In reference counting, a reference counter is associated with every allocated object. Whenever a reference is made to that object, the counter is incremented. When one dereferences that object, the counter is decremented. When the counter reaches 0, there are no existing references to this allocated object, so it can be safely removed (because there is no way for it to be accessed in the future).

When an object O is created, we also create a reference counter for O, calling it rc[O]. At creation, rc[O] = 0. When we create a reference to O, we perform rc[O]++. When we destroy a reference to O, rc[O]--. When we decrement, we check to see if the counter is now 0. If it is, we free O.

To allow allocation of memory, we maintain a list of free memory blocks. When we allocate blocks, we remove them from the free list. When we deallocate, we add them to the list. Obviously, a major drawback of this method of allocation is fragmentation; having to defragment memory to allow allocation in the requested size can create inexplicable slowdowns for memory allocation. To prevent this, one can defragment the memory at some set interval, or perform more complex deallocation to keep memory contiguous, but the solution to this problem is likely to be non-trivial.

Reference counting has the primary advantages of being simple to implement, requiring no work at an interval, and thus avoiding the necessity to pause the current operating to sort out our garbage collection (which can lead to highly inexplicable pauses during seemingly ordinary operation).

However, reference counting has a number of severe limitations, namely it's inability to detect cyclical pointers (e.g. A references B and B references A, in which case neither A nor B will ever be collected), it's cost to pointer operations and use of space, and it's computational cost to allocation as a result of fragmentation. Some of these problems have solutions in the form of augmented reference counting, but some are best solved by using a different form of garbage collection.

Batching/Tracing[edit]

In batching, the heap is viewed as a directed graph, with pointers as edges between allocated space (which we view as nodes in the graph).To do garbage collection, we traverse the graph and mark each node we reach. If a node is not marked, it cannot be reached and can be safely deallocated.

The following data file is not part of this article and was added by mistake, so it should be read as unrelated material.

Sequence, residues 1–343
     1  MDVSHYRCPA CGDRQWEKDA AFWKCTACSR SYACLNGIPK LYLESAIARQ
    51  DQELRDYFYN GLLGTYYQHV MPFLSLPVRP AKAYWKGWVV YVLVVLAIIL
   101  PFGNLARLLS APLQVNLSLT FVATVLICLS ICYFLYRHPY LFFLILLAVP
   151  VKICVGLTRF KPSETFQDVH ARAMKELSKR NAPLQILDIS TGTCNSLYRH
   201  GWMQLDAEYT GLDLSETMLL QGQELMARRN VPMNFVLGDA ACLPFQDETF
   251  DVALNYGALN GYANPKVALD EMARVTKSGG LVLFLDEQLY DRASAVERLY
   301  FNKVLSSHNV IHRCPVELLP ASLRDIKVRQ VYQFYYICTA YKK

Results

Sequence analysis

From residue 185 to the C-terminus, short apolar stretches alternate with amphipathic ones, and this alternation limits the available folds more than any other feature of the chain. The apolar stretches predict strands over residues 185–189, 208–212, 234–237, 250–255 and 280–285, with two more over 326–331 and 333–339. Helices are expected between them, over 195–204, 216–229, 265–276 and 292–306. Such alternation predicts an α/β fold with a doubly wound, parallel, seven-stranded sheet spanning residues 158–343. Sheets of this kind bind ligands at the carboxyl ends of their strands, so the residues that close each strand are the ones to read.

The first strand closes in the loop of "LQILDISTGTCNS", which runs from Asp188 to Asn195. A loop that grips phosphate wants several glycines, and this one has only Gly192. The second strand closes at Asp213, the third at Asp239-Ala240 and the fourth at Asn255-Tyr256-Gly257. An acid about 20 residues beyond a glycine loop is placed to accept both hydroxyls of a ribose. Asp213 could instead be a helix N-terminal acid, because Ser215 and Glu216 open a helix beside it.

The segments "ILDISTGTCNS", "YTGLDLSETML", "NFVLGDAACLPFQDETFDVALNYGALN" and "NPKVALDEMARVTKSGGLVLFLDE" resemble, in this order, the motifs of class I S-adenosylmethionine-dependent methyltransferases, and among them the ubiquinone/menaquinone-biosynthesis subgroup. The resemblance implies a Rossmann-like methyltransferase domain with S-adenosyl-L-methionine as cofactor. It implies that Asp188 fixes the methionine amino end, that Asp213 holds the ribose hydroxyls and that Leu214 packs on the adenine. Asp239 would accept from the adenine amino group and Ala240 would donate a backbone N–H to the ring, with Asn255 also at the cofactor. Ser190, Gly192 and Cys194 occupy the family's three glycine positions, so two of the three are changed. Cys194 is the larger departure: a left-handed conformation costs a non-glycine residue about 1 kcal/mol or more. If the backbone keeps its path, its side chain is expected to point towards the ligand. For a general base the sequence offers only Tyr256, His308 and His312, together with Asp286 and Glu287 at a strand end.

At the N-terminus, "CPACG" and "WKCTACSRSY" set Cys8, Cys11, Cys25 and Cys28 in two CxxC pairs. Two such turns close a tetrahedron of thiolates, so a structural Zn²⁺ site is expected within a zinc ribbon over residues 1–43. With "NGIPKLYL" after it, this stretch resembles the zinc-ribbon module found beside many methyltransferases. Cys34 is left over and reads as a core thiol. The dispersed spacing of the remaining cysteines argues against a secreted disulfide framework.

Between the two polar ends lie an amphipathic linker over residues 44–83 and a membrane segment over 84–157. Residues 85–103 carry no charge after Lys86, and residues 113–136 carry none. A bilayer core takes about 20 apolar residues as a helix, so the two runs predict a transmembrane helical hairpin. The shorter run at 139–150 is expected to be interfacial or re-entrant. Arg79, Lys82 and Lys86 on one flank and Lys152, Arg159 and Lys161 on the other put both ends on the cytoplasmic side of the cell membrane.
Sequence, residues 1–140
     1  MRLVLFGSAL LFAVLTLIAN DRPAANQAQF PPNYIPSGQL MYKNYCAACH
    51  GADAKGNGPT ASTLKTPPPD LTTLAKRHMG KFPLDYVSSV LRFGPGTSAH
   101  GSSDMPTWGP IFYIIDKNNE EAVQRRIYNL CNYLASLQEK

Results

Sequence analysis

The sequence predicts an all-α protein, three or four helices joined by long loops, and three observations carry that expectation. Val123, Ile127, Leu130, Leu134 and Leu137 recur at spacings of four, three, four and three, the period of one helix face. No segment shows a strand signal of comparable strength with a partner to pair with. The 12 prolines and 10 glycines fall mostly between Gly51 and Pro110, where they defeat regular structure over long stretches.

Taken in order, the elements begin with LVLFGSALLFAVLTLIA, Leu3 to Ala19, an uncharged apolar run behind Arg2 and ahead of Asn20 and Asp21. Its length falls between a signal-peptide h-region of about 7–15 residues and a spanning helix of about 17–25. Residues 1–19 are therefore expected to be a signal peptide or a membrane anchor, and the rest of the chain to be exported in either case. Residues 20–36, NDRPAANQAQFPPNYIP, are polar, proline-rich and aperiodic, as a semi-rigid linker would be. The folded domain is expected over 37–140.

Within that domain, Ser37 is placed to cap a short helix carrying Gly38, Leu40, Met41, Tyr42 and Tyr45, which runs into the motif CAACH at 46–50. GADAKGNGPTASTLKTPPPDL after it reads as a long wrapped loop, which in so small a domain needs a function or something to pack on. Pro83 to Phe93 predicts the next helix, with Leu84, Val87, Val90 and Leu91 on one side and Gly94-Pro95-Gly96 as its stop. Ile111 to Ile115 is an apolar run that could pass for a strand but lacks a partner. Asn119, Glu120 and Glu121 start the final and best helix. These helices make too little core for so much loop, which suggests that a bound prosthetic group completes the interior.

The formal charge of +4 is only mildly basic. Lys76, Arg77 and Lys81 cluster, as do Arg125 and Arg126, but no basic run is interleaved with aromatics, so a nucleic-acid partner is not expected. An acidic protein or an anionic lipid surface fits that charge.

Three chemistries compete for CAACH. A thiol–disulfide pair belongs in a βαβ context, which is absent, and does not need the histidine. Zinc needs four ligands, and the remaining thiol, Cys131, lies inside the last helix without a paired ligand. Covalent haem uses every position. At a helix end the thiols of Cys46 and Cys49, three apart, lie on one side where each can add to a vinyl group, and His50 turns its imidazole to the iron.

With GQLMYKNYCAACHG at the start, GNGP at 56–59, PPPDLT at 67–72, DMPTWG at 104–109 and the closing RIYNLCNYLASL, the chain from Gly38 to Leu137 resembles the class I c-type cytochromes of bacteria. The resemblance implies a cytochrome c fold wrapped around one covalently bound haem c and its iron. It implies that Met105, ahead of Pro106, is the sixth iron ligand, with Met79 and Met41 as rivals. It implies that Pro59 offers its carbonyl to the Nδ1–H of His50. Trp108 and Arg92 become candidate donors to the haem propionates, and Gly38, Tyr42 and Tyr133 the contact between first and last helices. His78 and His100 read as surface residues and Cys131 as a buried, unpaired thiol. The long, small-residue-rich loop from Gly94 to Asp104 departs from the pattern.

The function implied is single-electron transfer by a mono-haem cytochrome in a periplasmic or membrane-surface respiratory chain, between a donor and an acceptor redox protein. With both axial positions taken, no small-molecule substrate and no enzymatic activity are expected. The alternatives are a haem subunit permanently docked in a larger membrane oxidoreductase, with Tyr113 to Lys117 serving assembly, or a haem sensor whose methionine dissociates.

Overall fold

Unlike reference counting, this method must be run at a specific time (reference counting, of course, is performed as a feature of ordinary allocation and deallocation). Garbage collection--when it must be performed at a specific time rather than simply as the program runs, as with reference counting--can be performed when storage is exhausted, before a segment of code that needs to run quickly is executed, or simply during idle time when there's nothing for the computer to do. The best way depends somewhat on the type of program running; for example, in Microsoft Word, there is enough idle time (while the user sits thinking up funny parenthetical statements) that the third option is best. On a real-time system, however, it might be better to do garbage collection always before certain code runs.

Batching relies on accurate identification of memory pointers. There are a number of issues here; something that appears to be an integer may be a pointer, while something that appears to be a pointer may not be. A language could be designed specifically to avoid this confusion, but many popular languages, such as C and C++, are not designed in such a way. The compiler could mark at compile-time as pointers anything used as a pointer, but again this requires extra overhead. Some of the same methodology could be applied at runtime, but with additional runtime costs. Regardless of how this is done, however, it is important to be conservative with pointer identification. When it doubt, it is best to assume something is a pointer than is not. After all, it is far better to have extra un-collected garbage than to eliminate blocks that will later be used.

Improvements to Garbage Collection[edit]

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Input/Output[edit]